Would you like to enjoy some dessert and wine in your garden? I'm sure many say they already do this, but what about actually having these planted in your garden?
Heuchera are summer-flowering perennials that will entice you not only with their delicious-sounding names -- Pinot Noir, Crème Brªlée, Tiramisu, Key Lime Pie, Chocolate Ruffles, Pinot Gris, Berry Smoothie -- but also their many wonderful traits.
Heuchera is the botanical name for native coral bells or alumroot. It belongs to the saxifrage family and is a native plant, growing in North America down to Mexico and up to the Arctic. These plants are bred in various sizes, from 15 to 60 centimetres in diameter, with many leaf sizes and shapes and various flower colours. Wiry stemmed bell-shaped flowers with a similar size to lily of the valley reach heights of 15 to 90 centimetres and may bloom once, twice or continually, depending on the variety chosen.
Heuchera's big attraction for me is the leaf colour. The palette ranges from all hues of green to mahogany, bronze, chartreuse and metallic, as well as to a wide range of dark colours that are almost black. Purple undersides or different scape colouring and venation in the leaf, combined with smooth, circular, ruffled or jagged edges, give gardeners continual brightness for dark areas or depth in garden beds throughout the summer.
The flowers of Heuchera are small bell-shaped specimens held on long stems. Normally, they are not the selling feature of the plant, as they're quite understated, but they do add a foamy aura above the plant while attracting hummingbirds and bees. As the leaf colours are numerous, so too are the flower colours. When the flowers are spent, they should be cut off at the base.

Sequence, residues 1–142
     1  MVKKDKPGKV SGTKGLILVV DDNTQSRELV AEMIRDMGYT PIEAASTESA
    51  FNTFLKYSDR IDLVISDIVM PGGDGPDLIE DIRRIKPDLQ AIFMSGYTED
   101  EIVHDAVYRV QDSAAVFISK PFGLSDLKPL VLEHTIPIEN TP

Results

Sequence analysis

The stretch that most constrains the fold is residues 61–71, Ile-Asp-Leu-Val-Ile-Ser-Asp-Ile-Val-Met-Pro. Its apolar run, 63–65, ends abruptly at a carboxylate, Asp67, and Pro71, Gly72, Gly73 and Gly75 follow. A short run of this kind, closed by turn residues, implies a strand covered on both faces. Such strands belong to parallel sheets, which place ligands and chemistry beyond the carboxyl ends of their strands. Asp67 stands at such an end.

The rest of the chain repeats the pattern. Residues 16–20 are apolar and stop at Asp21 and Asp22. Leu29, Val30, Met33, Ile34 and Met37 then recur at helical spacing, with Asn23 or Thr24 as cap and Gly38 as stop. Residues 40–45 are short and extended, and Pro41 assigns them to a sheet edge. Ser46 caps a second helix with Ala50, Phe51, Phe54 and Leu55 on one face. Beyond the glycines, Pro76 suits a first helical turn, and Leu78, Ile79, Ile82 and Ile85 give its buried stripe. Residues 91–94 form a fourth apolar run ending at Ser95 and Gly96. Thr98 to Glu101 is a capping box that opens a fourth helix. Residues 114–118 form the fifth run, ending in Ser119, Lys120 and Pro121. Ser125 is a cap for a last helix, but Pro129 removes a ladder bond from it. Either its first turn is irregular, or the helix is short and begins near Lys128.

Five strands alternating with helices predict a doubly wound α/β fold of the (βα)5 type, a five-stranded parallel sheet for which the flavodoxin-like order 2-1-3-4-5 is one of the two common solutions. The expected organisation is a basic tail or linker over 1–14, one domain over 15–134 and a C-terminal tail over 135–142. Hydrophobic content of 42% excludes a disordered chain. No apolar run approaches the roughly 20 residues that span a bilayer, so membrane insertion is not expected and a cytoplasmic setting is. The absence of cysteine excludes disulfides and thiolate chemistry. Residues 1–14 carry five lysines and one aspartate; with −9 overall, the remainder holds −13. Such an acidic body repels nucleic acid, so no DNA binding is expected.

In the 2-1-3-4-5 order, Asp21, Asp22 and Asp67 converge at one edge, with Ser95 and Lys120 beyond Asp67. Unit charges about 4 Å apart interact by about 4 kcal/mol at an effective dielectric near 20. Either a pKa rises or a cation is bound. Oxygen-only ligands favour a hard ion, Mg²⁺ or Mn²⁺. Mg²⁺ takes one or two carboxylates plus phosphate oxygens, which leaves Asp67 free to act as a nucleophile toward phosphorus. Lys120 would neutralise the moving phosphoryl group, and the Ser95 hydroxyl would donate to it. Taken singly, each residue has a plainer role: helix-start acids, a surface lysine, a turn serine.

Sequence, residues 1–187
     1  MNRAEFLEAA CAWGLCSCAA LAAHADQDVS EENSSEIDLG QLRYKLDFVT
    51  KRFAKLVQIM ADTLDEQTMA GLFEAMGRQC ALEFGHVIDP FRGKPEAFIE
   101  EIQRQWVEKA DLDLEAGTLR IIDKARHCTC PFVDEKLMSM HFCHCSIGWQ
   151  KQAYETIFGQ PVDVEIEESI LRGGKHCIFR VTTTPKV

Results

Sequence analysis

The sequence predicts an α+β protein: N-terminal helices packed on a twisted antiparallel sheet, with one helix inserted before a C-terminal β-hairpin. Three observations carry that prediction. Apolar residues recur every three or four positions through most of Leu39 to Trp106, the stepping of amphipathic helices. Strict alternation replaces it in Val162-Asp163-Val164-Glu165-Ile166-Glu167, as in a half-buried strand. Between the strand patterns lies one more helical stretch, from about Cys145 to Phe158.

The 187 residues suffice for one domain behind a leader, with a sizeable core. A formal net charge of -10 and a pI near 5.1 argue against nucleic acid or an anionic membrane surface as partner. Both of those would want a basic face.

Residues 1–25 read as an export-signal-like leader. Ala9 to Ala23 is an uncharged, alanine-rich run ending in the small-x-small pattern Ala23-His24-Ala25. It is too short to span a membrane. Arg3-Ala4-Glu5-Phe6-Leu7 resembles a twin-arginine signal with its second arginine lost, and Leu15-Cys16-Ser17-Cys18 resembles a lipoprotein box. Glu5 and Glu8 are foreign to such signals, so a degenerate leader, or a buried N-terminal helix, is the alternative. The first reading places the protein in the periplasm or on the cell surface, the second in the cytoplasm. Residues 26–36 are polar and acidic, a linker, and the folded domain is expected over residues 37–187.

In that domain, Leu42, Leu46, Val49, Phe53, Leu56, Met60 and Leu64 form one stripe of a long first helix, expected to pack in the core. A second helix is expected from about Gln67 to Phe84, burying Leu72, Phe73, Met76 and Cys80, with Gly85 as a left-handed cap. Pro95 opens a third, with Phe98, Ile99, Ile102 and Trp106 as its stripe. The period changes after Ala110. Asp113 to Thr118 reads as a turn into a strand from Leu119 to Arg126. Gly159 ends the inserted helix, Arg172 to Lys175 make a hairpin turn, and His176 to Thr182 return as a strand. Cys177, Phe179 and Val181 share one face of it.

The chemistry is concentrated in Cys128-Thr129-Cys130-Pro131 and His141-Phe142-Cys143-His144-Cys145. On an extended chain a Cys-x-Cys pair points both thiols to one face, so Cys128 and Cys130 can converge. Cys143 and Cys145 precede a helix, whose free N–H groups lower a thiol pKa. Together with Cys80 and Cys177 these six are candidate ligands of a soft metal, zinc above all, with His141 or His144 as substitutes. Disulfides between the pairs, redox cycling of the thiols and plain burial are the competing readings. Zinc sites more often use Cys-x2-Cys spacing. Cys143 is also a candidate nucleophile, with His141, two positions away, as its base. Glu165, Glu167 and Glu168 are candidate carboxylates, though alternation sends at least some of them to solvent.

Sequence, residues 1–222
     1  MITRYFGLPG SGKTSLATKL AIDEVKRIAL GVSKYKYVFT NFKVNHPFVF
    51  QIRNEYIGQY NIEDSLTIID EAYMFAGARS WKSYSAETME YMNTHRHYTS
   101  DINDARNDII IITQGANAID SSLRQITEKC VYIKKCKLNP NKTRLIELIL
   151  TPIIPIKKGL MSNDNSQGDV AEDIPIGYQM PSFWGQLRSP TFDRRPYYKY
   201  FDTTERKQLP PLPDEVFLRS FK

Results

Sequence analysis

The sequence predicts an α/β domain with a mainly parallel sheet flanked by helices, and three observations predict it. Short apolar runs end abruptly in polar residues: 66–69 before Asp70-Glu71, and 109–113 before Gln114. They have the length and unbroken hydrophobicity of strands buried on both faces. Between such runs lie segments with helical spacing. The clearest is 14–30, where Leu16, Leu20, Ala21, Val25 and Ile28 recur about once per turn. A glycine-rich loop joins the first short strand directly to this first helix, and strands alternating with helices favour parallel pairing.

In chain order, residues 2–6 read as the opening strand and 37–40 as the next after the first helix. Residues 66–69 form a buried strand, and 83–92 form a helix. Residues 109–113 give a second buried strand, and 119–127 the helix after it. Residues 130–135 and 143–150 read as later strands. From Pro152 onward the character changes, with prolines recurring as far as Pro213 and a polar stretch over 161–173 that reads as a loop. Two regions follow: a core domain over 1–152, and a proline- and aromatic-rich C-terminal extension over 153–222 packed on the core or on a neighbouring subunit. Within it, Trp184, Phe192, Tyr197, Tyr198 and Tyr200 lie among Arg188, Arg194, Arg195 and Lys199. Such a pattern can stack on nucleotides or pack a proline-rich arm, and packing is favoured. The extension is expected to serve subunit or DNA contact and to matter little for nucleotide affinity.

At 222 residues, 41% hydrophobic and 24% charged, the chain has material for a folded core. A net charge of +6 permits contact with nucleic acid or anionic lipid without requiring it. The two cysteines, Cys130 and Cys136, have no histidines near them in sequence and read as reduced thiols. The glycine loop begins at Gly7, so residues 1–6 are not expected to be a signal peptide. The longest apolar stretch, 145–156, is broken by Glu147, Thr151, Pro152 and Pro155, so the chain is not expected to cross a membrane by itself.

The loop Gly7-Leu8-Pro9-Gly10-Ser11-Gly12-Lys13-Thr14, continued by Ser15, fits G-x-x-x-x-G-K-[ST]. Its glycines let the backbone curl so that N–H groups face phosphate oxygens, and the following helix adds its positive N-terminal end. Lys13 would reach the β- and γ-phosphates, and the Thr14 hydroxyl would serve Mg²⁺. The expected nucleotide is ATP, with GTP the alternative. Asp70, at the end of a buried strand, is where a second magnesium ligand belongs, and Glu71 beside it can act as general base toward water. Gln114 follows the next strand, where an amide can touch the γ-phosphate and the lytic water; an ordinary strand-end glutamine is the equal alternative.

These perennials are easy to grow in sun or part shade, with morning sun the preferred exposure. In my shady garden they do very well, as they receive morning sun for about two to three hours. If planted where they receive afternoon sun, the edges of the leaves may burn and you will not be able to enjoy them in their full glory.
As for all perennials, soil preparation is important and necessary for successful healthy plants. They enjoy a neutral-pH well-drained organic soil.
To plant, a substantial-sized hole should be dug -- about 11/2 to two times the size of the container they have been purchased in. When this soil has been removed, it can then be amended by the chosen organic matter -- my own preference is mushroom compost.
Tap out the plant, loosen any roots that are tightly wound and plant in the prepared hole. Backfill with the amended soil and place the Heuchera at the same level as in the container.
Water well at planting and continue until the plant is established, taking care not to overwater as they do not enjoy soggy, wet feet -- a not-uncommon occurrence in our clay soils. I recommend fertilizing each spring. Again, my choice of fertilizer is mushroom compost, which continues to amend the soil and supplies the necessary organic material needed for successful plants.